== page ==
Ground was broken Sunday for the Mid-Coast Trolley extension project, with thousands of people on hand to celebrate the start of construction for the project that will extend trolley service to UC San Diego and University City.
A community picnic was held on the field at Preuss School UCSD near the future site of the Voigt Drive trolley station.
“Today is a historic day for San Diego transit. The start of construction for the Mid-Coast Trolley project represents the culmination of more than two decades of work to expand light rail service to what I would call the second downtown of our region, the University City area, where we have some of the densest clusters of employers and jobs,” said Ron Roberts, chairman of the San Diego Association of Governments and the San Diego County Board of Supervisors.
“Tens of thousands of people are going to benefit from this project, as it will give them the option to leave their car home and take the trolley to work, school, shop or to visit one of the many medical facilities,” Roberts said.
— Todd Gloria (@ToddGloria) October 22, 2016
The $2.1 billion project will extend the existing Blue Line by 11 miles north of Old Town, adding nine new stations serving Mission Bay Park, Pacific Beach and Mission Beach, the VA Medical Center, UC San Diego, business clusters along Genesee Avenue, and the Westfield UTC mall.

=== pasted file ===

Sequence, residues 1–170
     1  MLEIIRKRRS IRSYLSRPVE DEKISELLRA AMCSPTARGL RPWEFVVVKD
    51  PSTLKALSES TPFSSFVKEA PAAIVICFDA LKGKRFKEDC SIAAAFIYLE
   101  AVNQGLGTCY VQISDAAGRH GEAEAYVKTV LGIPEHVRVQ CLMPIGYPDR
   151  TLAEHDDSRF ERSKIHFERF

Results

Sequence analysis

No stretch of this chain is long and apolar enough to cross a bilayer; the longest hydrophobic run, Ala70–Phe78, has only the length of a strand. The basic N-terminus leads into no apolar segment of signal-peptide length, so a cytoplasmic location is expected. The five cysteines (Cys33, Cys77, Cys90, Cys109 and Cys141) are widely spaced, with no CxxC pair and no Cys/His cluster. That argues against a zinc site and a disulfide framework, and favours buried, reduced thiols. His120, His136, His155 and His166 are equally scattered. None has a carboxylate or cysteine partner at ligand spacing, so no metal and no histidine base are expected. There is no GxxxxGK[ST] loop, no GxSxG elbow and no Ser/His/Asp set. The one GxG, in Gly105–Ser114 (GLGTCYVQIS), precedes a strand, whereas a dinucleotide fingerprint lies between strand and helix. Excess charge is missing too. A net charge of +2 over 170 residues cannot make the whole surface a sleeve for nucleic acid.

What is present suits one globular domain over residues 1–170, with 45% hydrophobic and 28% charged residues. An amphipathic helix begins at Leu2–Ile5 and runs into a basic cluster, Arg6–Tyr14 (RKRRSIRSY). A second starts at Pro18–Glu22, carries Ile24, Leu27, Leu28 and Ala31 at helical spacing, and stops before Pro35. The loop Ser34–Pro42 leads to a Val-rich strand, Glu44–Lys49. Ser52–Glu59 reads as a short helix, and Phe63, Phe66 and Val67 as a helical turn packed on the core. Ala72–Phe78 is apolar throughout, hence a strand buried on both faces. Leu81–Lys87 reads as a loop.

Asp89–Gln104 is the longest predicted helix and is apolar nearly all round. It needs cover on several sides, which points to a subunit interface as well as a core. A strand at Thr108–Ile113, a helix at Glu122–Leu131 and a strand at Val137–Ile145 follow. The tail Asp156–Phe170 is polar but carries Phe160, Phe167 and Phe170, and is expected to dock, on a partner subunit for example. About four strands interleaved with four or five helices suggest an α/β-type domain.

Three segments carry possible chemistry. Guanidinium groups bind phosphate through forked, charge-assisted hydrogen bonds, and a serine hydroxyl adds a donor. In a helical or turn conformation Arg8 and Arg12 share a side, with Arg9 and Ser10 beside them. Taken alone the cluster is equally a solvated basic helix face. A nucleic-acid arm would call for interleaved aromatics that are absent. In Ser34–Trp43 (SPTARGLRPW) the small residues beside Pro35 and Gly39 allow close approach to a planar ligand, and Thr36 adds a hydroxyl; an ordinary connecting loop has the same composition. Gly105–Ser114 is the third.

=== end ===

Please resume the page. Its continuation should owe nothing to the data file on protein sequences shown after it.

Once the extension is built, transit riders will be able to ride from San Ysidro to University City without having to transfer. Planners estimate that the project will attract more than 20,000 new trolley trips every weekday north of Old Town.
“I know I speak for the entire medical community when I say that the extended trolley service from Old Town will bring an important and welcome convenience for physicians, staff, our patients, and their families and visitors,” Rose Colangelo, a nurse at Scripps Memorial Hospital La Jolla said.
Pre-construction activities to clear the way for the project such as the relocation of underground and overhead utilities, started in early 2016. Primary construction was set to begin this month, with service scheduled to start in 2021.
— City News Service
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